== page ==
We’ve all been there…
That awkward moment when you realize there’s a poppy seed from your morning muffin wedged between your two front teeth. Or that you’re wearing a milk moustache from your lunchtime latte.
Or when you find — as I have, more times than I care to count — that you have chocolate frosting smeared, clown like, about your chin and cheeks.
All of these scenarios ran through my mind the other day as I strolled through the Native Plant Garden behind the Pottawatomie Community Center and saw, not one, but two young squirrels bearing evidence of their latest meal all over their cute little rodent faces.
As they looked down from the oak tree, clucking at either each other and maybe me, it was hard to miss their huge, walnut-eating grins.
Yep, it’s black walnut season again, and these two Sciurus carolinensis were not going to miss a minute of it.
Judging by the quantity of husks I saw on a nearby picnic table, the little gray squirrels had had quite a feast. In fact, the pile was so large, I really couldn’t picture anyone else — anyone human, that is — wanting to eat there.
I’d actually tried to clean it up a bit, using a handful of catalpa pods to sweep the bulk of the mass out onto the grass. I got most of the nut “crumbs” cleaned up, but there wasn’t much I could do about the stains they left behind.
If you’ve ever lived near a black walnut tree, or have harvested its fruit, you’re familiar with the staining that occurs when the husks are split. Maybe you’ve seen it on your sidewalk, if your tree is located next to a walkway.
Or on your shoes if you’ve tromped beneath a black walnut’s spreading boughs. Or on your hands (more on this later).
Juglans nigra possesses an impressive array of pigments, including its namesake juglone, which can be used as a fabric dye as well as a natural coloring agent in foods and cosmetics; plumbagin, a yellow dye once used on the hair and skin; and tannins, which act to set the dyes and make sure they never, ever go away.
Well, at least it seems that way. Black walnut stains do fade over time, from dark brown to orange to golden yellow.
But when those fading stains are on your (my) fingers, because you (I) foolishly decided to remove the husks without wearing gloves, it really does seem like they’re going to last forever.
I know this. Here’s why…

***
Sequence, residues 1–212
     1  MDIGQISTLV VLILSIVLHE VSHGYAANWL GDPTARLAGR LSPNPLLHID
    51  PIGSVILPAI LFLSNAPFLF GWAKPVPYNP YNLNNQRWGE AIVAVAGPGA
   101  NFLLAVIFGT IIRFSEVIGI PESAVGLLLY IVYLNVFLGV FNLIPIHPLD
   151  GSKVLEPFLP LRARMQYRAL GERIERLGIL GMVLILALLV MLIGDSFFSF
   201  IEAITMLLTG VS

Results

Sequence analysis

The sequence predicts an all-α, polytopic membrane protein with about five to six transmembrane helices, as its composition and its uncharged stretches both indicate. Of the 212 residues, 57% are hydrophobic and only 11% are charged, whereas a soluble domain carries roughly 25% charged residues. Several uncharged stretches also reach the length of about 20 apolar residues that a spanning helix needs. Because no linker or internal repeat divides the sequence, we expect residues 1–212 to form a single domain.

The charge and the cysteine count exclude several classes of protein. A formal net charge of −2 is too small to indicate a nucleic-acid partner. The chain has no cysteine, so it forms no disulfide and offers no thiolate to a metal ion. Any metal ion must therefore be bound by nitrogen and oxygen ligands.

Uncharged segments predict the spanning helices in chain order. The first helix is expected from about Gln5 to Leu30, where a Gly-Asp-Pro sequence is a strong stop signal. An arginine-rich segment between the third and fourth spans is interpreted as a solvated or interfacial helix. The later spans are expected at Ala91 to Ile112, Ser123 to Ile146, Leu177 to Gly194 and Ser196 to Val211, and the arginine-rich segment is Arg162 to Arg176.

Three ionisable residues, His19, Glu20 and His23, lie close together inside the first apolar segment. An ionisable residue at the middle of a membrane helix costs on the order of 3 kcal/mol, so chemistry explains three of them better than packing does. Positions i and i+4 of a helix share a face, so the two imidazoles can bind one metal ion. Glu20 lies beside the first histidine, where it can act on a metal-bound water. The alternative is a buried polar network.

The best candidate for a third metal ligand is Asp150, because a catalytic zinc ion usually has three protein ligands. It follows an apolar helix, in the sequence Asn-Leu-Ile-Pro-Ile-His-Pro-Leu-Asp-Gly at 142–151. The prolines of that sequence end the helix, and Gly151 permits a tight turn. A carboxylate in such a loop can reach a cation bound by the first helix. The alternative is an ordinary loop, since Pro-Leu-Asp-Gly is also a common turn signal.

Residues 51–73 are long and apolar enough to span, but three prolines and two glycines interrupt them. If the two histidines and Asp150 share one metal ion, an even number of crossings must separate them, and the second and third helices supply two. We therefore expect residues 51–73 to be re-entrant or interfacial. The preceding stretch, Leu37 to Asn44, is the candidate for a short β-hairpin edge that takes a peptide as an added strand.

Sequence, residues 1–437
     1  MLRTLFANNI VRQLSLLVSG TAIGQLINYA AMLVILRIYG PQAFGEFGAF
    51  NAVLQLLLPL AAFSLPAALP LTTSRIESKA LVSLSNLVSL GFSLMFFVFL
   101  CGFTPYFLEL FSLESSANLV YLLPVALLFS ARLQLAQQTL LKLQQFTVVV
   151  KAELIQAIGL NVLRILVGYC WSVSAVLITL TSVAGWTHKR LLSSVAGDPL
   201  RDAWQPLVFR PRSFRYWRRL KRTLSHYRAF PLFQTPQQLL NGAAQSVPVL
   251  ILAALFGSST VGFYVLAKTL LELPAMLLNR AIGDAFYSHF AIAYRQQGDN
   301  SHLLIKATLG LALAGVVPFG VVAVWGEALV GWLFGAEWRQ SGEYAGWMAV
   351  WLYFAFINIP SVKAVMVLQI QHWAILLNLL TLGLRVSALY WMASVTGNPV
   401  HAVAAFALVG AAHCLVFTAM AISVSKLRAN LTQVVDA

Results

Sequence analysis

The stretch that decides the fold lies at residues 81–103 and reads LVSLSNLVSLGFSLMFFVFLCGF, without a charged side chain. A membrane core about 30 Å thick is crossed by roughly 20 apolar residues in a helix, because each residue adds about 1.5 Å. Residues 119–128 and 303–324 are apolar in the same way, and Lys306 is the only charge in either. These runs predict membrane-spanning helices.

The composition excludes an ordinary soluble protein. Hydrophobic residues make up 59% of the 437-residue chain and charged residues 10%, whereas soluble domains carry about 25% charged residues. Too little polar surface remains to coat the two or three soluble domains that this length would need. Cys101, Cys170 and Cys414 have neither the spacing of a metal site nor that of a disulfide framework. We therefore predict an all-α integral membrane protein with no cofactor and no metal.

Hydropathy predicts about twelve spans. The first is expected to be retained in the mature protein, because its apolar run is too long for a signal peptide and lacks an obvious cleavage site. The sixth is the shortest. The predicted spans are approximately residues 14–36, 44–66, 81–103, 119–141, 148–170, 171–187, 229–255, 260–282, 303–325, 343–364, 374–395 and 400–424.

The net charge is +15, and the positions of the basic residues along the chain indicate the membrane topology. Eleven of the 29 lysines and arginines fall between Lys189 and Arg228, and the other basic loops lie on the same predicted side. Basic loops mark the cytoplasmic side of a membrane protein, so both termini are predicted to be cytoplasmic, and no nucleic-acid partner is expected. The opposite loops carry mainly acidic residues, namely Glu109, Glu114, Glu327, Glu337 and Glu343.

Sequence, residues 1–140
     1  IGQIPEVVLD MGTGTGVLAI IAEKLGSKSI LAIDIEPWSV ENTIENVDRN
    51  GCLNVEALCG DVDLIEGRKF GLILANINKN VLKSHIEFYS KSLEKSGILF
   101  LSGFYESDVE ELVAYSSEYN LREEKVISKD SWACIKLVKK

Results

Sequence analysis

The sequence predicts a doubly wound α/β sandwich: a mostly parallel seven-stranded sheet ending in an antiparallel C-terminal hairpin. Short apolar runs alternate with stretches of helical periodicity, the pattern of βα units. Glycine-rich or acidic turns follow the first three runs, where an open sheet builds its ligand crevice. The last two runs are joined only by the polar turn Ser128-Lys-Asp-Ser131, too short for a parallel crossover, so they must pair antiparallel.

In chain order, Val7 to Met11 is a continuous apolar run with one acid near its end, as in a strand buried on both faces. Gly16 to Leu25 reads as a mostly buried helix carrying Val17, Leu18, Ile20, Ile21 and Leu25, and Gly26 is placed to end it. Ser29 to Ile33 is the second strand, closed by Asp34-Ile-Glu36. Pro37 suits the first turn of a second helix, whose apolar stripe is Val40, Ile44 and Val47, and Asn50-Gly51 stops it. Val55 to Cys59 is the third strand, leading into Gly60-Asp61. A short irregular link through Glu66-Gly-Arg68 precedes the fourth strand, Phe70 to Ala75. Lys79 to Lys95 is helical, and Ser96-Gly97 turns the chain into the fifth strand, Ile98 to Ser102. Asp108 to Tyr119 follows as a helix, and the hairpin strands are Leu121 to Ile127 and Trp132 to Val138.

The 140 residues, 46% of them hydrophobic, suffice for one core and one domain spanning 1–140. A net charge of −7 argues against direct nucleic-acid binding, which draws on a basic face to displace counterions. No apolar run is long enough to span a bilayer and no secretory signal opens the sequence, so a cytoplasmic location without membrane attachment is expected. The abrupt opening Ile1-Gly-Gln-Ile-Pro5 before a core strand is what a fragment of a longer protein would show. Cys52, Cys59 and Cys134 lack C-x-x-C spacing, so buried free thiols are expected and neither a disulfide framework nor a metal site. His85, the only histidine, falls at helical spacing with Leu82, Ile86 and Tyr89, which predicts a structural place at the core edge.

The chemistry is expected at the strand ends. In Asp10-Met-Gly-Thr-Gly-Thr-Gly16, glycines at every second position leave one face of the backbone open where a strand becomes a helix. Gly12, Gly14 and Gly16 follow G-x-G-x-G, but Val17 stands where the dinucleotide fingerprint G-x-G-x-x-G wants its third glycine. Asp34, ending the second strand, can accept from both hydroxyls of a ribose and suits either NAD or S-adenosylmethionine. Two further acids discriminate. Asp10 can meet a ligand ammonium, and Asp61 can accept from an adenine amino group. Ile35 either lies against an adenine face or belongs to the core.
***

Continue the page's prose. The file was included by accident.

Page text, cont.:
Last year’s walnut crop was impressive, and the part of me that likes to occasionally forage wild foods thought it would be fun to gather some of the bounty for holiday baking. Let me tell you, the gathering was the easy part.
Opening the shells was anything but. As I progressed from channel-lock pliers to hammer to a benchtop-mounted vise I realized why black walnuts command a price two to three times higher than their English walnut counterparts.
And my fingers? Even though I knew better, I still peeled the husks from about a half dozen nuts before putting on gloves; in the days that followed, my digits gradually lightened from brown to yellow.
And positively no one complimented me on my dark brown nails, which I ended up cutting off to remove the last traces of my folly.
Amongst wildlife, the walnut-stain phenomenon is fairly unique to squirrels. Few other of our wild neighbors dare to bite through those thick husks to partake of the deliciousness within. Sure, mice and chipmunks might gnaw on the nutshells once the husks are gone, but it’s primarily squirrels—both the gray and the fox (Sciurus niger)—that have the determination to conquer the husks, as well as the dentition and jaw strength needed to chip away at those infamously tough shells.
The squirrels at Pottawatomie will probably bear the marks of their walnut meal for at least a week or two. In fact, with black walnut season in full swing, the pair are likely to indulge several more times before winter sets in. Which means their faces will stay stained for some time to come.
You might have walnut-eating rodents in your neck of the woods, too. The next time you see a squirrel, look for abnormally dark coloration around the mouth. If the staining is deep, you might at first think the squirrel is injured.
(I know I did when I saw this phenomenon for the first time.)
But if you can get a closer look, with binoculars or the zoom feature on a camera, you’ll see that the coloration isn’t a sore, or dried blood. It’s just fur, dyed brown.
When you think about it, a walnut-eating grin isn’t really much different from a milk moustache or a face smeared with chocolate. Man or beast, we’ve all been there.
Read More on Walnuts
Read More on Squirrels
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- Feeling Squirrelly And Proud of It? It’s Time To Become a Certified Naturalist!
- Good Natured: 2017 Is Banner Year For Hickory Nuts — The Holy Grail For Squirrels
- How Are Squirrels Able to Find the Nuts They Bury?
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